One hundred and twenty years prior to Williams' seminal article, Charles Dickens published Barnaby Rudge,2 a novel that follows the “light-hearted idiot”2 (p. 387) Barnaby Rudge through London's Gordon Riots of 1780. What began as a peaceful protest led by Lord George Gordon in response to the Papists Act of 1778, a law intended to reduce discrimination against Roman Catholics, quickly became the most destructive riots of 18th-century London, requiring a robust military response that left more than 285 people dead.3 Dickens' novel follows Barnaby, a 27-year-old man living with his widowed mother, as his naïve and overly trusting manner allows him to be duped into engaging with the riot's ringleaders, which nearly results in his hanging. Throughout the novel, despite his ability to produce grammatically correct soliloquies of advanced vocabulary, both Dickens and other characters describe Barnaby as an “idiot”2 (p. 37), “an animal”2 (p. 111), with the “absence of soul”2 (p. 35) and “blindness of intellect”2 (p. 377), and even as God's “most slighted and despised work”2 (p. 208). Because Dickens died decades before the elucidation of the concepts of genetic deletions, he could not have proposed any molecular basis for Barnaby's characteristics. However, it is our position that the character of Barnaby was based on a person whom Dickens knew with the aforementioned deletion. This article describes how Barnaby's character embodies decades of extensive social and psychological research on Williams syndrome.

The typical IQ range among people with Williams syndrome is 42 to 68,4 and the vast majority remain dependent on caregivers for their entire lives.5 Poor motor skills, combined with difficulty in visuospatial construction and low tolerance for frustration lead to decreased willingness to learn new skills for self-care.5 Despite his fluent speech and apt social abilities, Barnaby remains dependent on his mother, requiring her “care and duty in his manly strength as in his cradle time”2 (p. 154). Barnaby's mother reflects frequently on his “dawn of mind” that never came, and how “his childhood was complete and lasting”2 (p. 209). In one instance, Barnaby displays his numerical ineptitude by grossly misjudging time, expressing that he has not seen his mother in over a year, when in fact it has only been several days.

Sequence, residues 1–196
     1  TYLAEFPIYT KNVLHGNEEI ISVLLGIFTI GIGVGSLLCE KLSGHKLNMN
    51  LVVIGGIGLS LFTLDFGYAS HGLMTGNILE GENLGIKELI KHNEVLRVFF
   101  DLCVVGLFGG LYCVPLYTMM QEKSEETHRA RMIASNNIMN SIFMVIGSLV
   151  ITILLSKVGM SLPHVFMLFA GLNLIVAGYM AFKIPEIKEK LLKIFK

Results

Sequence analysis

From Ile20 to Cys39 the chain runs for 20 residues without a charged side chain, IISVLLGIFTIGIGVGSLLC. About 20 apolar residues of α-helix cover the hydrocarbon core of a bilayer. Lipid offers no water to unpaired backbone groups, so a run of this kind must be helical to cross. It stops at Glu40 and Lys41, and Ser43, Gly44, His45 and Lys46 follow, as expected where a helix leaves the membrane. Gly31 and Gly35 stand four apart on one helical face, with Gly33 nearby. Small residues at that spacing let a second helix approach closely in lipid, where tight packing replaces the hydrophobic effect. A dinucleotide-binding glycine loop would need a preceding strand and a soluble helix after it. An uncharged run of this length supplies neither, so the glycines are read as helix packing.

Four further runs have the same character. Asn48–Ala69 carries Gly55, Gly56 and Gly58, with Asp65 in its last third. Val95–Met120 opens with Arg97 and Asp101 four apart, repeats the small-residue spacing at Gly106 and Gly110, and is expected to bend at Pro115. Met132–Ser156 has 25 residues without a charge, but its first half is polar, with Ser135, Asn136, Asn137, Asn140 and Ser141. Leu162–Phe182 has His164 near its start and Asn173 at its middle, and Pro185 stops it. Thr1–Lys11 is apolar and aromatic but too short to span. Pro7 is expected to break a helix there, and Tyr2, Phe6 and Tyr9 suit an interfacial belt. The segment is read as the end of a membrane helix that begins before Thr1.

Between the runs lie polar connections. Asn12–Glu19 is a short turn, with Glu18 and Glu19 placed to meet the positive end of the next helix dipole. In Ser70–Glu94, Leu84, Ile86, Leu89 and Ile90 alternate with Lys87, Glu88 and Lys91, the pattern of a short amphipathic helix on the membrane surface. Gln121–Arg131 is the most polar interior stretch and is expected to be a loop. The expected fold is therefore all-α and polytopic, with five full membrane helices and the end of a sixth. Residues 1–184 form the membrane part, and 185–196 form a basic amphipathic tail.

Despite the inability to live independently, people with Williams syndrome typically demonstrate ease in using complex syntax and even show a proclivity for unusual words.6 Multiple studies find they understand grammatical structures and use correct tense,4 although responses are often “perseverative.”7 In a discourse about his shadow, Barnaby announces: